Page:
Let's say my DApp requires a seamless way to transfer USD between users, given that some contract requirements are fulfilled first. Person A transfers USD to person B, the latter only gets a deposit once a condition is satisfied. I will assume some time has passed between the time the transaction initiated and the time the money is deposited into the receiver's account. All the while this is done with Ethereum Network under the hood. So, users don't know they are technically using the Blockchain.

The question is: When the money is sent to the Smart Contract, is it at all possible to retain the original USD value? If not, how would you deal with this type of problem?

If the application is responsible to ensure the money transferred is the same, there is risk. In particular, when the price of ETH goes down relative to USD, the developer will inevitably pay the difference. This solution isn't good.

Any ideas on how to deal with this scenario?

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    "So, users don't know they are technically using the Blockchain." What benefit is the blockchain bringing you if the user's don't actually use it? – user19510 Jan 8 '19 at 5:30
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    The app operates on the Blockchain but users don't necessarily need to know that it is. The benefit is decentralization, of course, without needing to know how it works under the hood. – hknjj Jan 8 '19 at 5:35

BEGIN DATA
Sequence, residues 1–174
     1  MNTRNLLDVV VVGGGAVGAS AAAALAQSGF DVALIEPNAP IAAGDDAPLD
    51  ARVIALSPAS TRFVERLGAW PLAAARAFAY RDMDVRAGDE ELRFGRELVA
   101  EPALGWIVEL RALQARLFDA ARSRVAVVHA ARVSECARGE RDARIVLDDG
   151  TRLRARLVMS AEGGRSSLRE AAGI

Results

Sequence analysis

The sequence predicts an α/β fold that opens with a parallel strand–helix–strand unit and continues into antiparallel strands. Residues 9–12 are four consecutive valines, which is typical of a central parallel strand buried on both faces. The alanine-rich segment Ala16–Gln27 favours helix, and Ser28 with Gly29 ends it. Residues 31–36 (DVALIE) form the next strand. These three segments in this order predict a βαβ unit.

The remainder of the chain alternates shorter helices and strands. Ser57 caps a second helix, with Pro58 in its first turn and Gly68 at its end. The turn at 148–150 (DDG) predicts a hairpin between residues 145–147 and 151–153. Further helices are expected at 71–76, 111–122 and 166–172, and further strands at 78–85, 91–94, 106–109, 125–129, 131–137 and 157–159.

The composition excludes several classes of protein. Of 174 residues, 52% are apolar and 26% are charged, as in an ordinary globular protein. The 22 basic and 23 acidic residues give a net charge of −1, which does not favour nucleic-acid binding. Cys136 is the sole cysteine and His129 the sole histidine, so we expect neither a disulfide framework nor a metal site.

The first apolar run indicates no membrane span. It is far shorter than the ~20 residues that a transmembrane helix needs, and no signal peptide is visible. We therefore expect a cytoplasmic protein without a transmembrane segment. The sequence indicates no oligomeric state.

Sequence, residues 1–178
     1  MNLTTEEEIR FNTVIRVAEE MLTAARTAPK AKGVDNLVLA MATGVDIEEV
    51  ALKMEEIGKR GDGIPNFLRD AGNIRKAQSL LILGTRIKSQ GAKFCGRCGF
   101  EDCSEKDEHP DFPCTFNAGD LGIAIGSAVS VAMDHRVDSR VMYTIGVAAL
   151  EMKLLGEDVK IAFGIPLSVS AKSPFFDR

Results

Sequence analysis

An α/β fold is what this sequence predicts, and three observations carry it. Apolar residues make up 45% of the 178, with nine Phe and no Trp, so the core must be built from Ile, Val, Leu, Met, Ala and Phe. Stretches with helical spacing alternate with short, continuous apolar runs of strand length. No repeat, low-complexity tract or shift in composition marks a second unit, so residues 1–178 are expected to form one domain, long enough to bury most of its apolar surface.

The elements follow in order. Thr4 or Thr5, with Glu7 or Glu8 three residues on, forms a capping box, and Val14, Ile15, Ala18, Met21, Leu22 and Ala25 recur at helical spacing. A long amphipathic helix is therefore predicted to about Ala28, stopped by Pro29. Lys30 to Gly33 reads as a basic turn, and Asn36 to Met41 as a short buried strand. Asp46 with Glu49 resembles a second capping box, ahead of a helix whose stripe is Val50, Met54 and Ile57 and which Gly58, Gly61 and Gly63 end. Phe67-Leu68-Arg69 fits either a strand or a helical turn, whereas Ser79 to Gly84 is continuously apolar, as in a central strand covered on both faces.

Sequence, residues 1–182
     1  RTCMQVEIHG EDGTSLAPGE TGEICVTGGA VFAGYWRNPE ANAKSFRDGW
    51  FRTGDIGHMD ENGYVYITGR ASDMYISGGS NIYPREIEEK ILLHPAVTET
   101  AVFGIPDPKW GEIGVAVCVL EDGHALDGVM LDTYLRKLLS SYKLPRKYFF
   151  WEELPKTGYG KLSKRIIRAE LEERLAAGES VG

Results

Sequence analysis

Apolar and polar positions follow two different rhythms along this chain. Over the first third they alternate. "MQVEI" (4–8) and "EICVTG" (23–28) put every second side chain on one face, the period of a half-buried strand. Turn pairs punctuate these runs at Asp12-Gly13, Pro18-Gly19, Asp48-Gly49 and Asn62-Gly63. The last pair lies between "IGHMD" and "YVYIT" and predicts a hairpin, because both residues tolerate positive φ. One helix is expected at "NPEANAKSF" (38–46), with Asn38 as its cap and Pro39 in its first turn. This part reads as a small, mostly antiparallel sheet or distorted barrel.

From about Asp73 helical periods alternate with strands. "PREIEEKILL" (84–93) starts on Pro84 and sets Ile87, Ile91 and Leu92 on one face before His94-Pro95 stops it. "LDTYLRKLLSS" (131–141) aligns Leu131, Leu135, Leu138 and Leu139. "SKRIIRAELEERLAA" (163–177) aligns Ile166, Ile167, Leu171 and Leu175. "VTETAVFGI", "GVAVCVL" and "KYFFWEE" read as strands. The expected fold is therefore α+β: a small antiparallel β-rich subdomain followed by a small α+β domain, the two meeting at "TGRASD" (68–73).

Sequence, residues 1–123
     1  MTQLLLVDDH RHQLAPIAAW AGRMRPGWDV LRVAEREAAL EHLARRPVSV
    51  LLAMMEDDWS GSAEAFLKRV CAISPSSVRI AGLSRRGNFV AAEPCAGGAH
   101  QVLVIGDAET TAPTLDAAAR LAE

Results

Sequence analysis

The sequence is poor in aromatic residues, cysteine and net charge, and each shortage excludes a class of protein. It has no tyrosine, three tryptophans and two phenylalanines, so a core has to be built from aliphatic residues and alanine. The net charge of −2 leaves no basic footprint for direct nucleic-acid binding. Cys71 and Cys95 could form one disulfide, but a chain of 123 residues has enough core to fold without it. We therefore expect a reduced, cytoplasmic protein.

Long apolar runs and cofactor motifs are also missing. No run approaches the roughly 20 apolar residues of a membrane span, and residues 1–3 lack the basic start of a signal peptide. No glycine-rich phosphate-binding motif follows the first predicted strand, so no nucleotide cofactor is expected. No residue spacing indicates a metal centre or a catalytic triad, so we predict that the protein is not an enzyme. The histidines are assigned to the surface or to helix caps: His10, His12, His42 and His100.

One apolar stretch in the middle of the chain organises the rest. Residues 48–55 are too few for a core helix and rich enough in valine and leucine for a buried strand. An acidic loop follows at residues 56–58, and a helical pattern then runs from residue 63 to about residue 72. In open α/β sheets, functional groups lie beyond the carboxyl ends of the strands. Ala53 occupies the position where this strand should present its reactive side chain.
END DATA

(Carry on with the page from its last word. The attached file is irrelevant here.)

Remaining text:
• When the money is sent to the Smart Contract, is it at all possible to retain the original USD value? Ethereum, Users will transfer amount in Eth only. Can you explain little what your looking for – Jitendra Kumar. Balla Jan 8 '19 at 9:19
  • My question is general: Ethereum and Bitcoin prices relative to USD fluctuate a lot. When money transfers occur instantaneously (USD -> ETH -> USD), this isn't a problem. However, when money transfer is NOT instantaneous (USD -> ETH -> CONTRACT (hours? days?) -> ETH -> USD) this is potentially an issue. – hknjj Jan 9 '19 at 6:32

It looks like you want to use a stable coin like Dai in your contract:


Dai is an ERC20 token which has contract logic to keep the coins value pegged to the US dollar. You can integrate Dai into your contract just like any other ERC20 token. As long as you use the Dai token within your contract logic, you should be able to assume the value of a single token stays fixed throughout the process. In the end, users should be able to extract any Dai from your contract and use the Dai contract to return any Dai they have for the USD equivalent amount of Ether.

  • Thanks! This looks like a viable solution. I will do more research on the their product. – hknjj Jan 9 '19 at 6:27

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